On the flip side my wife has no drivers licence and she walks our daughter to school. After dropping off my son I take transit to work and he likes to point out the station where I get on the train. Although my kids enjoy counting certain kinds of car, they also get excited about seeing buses and trains. My son looks forward to days when his pre-school takes a bus to another pre-school and my daughter likes taking the bus with classmates and trips with Mommy. One of the highlights of summer vacation is getting to see big freight trains every day.

    We treat the car simply as a tool for getting from one place to another and don’t glorify it. I never talk about getting a newer, bigger/smaller, better car.


    August 13, 2010 at 5:34 pm

  2. The Canada Line t shirt was worn by Karen Quinn Fung – a postgraduate student and advocate for transit. She was the organiser of a Transit Camp in Vancouver not so long ago. She is on my blogroll as Countably Infinite.

    Stephen Rees

    August 13, 2010 at 5:44 pm

  3. David, you are the third person to confuse me with Jhenifer (including a troll on YouTube). It must be the haircut, or something about us both being young Asian women in Vancouver blogging happily about transit. ;P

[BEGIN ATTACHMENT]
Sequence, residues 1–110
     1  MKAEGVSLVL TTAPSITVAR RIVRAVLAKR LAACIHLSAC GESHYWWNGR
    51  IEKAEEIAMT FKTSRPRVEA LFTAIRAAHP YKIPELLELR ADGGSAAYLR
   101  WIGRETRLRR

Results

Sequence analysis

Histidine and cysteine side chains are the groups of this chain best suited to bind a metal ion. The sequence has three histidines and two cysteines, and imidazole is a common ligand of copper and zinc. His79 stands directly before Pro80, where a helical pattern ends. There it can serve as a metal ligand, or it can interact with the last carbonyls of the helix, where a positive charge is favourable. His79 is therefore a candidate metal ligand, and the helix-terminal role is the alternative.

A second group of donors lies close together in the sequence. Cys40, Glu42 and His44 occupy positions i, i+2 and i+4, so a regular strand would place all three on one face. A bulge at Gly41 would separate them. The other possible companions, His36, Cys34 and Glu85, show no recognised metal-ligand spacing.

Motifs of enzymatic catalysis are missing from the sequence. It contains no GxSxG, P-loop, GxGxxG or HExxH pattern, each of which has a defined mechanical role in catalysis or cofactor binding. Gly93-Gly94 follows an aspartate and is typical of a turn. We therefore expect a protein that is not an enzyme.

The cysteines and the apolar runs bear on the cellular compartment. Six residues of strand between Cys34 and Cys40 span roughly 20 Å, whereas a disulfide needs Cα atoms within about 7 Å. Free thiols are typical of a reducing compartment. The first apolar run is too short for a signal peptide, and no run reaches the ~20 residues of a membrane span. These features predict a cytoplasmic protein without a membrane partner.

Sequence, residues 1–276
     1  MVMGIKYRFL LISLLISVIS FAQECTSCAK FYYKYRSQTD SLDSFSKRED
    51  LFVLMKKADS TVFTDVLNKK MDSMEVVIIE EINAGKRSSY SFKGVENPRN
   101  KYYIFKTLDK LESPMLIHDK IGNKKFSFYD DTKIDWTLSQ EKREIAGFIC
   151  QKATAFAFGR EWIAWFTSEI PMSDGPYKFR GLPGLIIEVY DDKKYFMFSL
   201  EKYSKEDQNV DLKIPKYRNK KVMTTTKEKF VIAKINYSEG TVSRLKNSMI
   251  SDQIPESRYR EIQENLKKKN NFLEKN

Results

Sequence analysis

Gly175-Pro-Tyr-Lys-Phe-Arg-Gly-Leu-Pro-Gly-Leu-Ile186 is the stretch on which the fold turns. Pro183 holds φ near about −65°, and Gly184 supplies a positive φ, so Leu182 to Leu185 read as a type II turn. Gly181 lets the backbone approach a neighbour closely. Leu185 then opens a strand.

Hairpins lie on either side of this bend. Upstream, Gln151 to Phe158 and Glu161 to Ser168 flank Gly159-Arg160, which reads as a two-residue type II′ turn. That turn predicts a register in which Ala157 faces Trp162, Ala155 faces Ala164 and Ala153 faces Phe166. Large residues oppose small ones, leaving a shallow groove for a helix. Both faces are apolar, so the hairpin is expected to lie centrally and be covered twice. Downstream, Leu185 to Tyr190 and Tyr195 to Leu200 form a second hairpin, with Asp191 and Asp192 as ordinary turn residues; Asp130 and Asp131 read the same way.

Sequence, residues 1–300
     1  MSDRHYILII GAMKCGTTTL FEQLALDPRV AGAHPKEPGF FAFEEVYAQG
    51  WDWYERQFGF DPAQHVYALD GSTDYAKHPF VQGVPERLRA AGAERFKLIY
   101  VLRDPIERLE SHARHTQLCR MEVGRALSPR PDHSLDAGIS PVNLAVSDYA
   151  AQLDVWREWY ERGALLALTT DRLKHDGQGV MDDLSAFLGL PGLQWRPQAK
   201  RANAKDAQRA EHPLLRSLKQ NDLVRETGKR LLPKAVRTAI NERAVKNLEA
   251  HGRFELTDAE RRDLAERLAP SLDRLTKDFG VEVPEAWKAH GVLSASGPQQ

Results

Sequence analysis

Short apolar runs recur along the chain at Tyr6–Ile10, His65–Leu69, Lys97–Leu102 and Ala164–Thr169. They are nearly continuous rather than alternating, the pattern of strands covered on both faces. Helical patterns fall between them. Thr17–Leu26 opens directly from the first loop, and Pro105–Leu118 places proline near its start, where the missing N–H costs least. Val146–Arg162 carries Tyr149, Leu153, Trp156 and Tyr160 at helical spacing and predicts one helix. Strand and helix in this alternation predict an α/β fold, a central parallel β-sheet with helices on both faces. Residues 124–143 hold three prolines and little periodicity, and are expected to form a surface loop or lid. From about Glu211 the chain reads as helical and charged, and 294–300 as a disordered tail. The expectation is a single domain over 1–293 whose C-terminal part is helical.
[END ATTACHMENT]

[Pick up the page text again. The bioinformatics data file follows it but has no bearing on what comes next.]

I’ll agree that none of it struck me as particularly new, as I had heard a lot of it when Katie Alvord gave her a presentation of her book “Divorce Your Car: Ending the Love Affair with the
    Automobile” at the closing plenary of the CUTA Youth Summit in 2008, and there had also previously been work around the idea of the feeling of safety being in sold in cars.

    What would have been very interesting to me is to see the authors being a lot more specific in their recommendations on how to reframe transit. The American Public Transportation Association (who held their conference here in June) are just scratching the surface on social media campaigns to amplify alternative perspectives towards public transit. It’s probably near impossible in the States, but it sounds like a good start is to concentrate on giving children positive experiences with transit and bike riding.

    That said, I know there’s lots of work already being done on that front. Now we just have to retrofit our cities to catch up…that was where Lutz’s comment on “being trapped by the built environment” really resonated with me.

    Karen Quinn Fung

    August 13, 2010 at 6:37 pm

  4. […] and Mail] Vancouver gallery faces staff revolt over funding of new buildings [Globe and Mail] Carjacked [Stephen Rees's […]

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  5. […] 25, 2010 In a recent talk at SFU to present their book, Carjacked, Catherine Lutz and Anne Lutz fernandez were mentioning as a myth […]